PROFILE


    NAME: HR-702S
    YEAR: 2008
    TAGLINE:"Slow Traffic Move Right"

  • Ranking and Awards:

    Los Angeles Regional:

    15 out of 51
    Regional Finalists (Second Place Finish) Eliminated in the Finals in 2 matches
    Record:(9-7-0)
  • Drivetrain:

    Direct Drive
    Center Wheel "702 drive"
    Andymark Kit C-Channel Frame
    2 16 inch pneumatic tire drive wheels (no that isn't a misprint, 16 inches)
    4 6 inch Andymark support wheels
    2 CIM motors per drive wheel
  • Mechanism:

    direct drive
    PVC overtop ball herding claw
    Window Motor driven
  • Software and Control

    Language: EasyC Pro
    Driver interface: XBOX 360 Controller/ flight stick claw control
    Gyro sensor to maintain course
    Infrared sensor to detect signals from human player dvd remote (no misprint there either, it was a dvd remote) Tank Drive Controls
    Note:Last year of the IFI robot Controller electronic interface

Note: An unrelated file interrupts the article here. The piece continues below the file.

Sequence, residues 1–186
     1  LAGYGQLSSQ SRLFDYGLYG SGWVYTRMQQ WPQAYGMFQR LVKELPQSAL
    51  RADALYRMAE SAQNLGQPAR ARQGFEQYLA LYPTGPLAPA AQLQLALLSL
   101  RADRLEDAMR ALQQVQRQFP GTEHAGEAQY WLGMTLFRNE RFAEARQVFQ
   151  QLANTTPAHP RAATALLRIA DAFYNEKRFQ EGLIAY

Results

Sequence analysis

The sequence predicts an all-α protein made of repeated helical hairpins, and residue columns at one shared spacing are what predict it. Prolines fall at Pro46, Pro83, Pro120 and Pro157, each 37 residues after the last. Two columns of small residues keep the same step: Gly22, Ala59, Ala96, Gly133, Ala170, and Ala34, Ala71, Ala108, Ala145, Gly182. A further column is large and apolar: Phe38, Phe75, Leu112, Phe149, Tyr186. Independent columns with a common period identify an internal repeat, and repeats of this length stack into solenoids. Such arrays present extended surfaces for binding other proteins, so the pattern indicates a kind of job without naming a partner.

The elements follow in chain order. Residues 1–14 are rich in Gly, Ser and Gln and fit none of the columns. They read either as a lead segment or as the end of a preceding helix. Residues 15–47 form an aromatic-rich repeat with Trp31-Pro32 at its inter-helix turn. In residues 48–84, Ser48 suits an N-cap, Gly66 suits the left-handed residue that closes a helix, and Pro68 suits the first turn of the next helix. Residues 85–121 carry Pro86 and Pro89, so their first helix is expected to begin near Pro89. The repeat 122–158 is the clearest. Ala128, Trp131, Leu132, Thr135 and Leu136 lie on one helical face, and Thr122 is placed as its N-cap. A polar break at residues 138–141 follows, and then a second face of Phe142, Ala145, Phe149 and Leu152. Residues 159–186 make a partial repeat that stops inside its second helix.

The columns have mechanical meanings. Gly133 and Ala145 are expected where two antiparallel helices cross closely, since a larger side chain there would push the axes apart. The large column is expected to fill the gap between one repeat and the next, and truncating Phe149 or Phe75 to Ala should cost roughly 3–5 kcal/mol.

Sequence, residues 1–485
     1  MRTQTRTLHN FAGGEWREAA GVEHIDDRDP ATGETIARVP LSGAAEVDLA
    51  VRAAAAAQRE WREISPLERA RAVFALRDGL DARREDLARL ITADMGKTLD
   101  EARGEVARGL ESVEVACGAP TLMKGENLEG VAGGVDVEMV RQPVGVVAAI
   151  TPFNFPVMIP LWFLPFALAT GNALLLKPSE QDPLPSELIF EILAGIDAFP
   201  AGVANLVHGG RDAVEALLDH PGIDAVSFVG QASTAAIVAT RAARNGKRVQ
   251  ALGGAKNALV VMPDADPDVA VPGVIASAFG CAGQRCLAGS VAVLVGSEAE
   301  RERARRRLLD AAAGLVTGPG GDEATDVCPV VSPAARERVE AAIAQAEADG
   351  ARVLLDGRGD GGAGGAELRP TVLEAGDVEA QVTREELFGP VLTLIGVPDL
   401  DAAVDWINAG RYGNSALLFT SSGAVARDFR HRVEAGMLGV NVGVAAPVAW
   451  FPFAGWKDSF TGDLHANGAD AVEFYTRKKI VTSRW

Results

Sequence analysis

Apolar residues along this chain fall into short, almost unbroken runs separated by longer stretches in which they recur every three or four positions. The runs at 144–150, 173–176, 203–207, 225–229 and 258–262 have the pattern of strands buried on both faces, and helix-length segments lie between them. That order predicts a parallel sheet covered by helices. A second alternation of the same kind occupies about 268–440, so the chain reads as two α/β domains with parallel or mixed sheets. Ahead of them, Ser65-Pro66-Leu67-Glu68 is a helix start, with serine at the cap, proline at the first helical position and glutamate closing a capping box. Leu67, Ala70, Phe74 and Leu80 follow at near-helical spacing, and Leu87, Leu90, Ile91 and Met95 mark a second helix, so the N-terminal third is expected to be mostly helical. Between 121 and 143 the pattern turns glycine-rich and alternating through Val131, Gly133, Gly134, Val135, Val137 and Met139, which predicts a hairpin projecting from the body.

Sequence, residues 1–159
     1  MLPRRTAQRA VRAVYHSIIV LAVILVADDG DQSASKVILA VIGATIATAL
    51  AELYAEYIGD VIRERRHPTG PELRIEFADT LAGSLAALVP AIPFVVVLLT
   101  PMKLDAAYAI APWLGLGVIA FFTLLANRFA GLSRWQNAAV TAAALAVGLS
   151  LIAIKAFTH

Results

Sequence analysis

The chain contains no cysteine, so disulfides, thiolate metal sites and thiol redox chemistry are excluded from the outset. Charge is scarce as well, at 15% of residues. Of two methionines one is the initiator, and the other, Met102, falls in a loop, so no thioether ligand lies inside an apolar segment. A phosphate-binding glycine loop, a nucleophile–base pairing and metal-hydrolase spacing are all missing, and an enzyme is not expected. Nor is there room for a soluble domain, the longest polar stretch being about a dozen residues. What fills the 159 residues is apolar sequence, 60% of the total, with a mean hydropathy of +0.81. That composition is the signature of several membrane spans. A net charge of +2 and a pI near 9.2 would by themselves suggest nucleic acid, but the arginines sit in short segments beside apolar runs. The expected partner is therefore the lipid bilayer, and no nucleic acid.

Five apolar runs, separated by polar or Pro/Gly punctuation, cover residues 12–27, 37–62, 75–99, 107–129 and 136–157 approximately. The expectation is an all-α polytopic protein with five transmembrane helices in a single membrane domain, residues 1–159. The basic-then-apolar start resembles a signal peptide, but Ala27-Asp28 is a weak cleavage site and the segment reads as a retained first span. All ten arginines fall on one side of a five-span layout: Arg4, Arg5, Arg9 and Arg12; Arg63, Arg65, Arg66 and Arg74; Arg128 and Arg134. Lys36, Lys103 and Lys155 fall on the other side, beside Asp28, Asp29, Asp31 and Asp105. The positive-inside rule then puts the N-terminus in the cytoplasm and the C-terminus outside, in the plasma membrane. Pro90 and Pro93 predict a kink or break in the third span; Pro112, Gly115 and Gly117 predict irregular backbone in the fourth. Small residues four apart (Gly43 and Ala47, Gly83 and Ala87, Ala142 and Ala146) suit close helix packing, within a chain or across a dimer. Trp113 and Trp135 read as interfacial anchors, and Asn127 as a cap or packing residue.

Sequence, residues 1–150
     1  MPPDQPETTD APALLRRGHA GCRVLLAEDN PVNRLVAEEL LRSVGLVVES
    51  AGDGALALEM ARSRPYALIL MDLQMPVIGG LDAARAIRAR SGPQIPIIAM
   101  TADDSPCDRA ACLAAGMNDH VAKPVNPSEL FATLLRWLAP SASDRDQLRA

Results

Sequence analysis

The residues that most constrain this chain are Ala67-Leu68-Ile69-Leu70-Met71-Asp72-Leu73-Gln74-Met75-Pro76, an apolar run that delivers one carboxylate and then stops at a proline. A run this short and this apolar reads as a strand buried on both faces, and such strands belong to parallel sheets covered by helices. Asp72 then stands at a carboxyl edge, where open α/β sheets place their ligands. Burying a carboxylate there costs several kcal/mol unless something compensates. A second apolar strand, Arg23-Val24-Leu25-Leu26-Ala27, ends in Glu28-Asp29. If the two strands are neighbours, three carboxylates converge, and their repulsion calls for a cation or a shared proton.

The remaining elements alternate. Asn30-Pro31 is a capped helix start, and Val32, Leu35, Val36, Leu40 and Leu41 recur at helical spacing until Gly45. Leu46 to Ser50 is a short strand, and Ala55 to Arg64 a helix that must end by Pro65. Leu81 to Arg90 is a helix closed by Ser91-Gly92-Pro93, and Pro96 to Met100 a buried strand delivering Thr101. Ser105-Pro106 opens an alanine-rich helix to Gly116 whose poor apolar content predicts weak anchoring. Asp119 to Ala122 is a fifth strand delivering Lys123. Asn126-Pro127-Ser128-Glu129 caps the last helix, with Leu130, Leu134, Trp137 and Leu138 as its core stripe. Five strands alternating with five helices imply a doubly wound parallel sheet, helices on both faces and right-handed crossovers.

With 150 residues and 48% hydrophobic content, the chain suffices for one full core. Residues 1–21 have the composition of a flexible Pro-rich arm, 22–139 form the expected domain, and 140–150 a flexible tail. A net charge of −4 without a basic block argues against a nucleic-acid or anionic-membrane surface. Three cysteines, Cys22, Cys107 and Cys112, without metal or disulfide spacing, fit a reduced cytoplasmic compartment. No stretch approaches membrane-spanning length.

• Autonomous function:

    Drive straight forward until it receives command from the dvd remote, then make a left u turn
    Reliability: 75% until gyro failed, then autonomous disabled

Game

  • Field:

    The field was split in half by a clear plastic barrier making an oval track. Each alliance's finish line was in the middle of the field, one on each side of the barrier. The finish line has a 6 foot tall arch over it where the balls start the match at.

    Primary Scoring:

    A salute to NASCAR, each alliance gets 2 points for every lap they make. If a robot pushes one of their alliance 36 inch diameter balls through the finish line first, it receives 2 points as well. If a robot puts the ball over their finish line arch, it receives 8 points.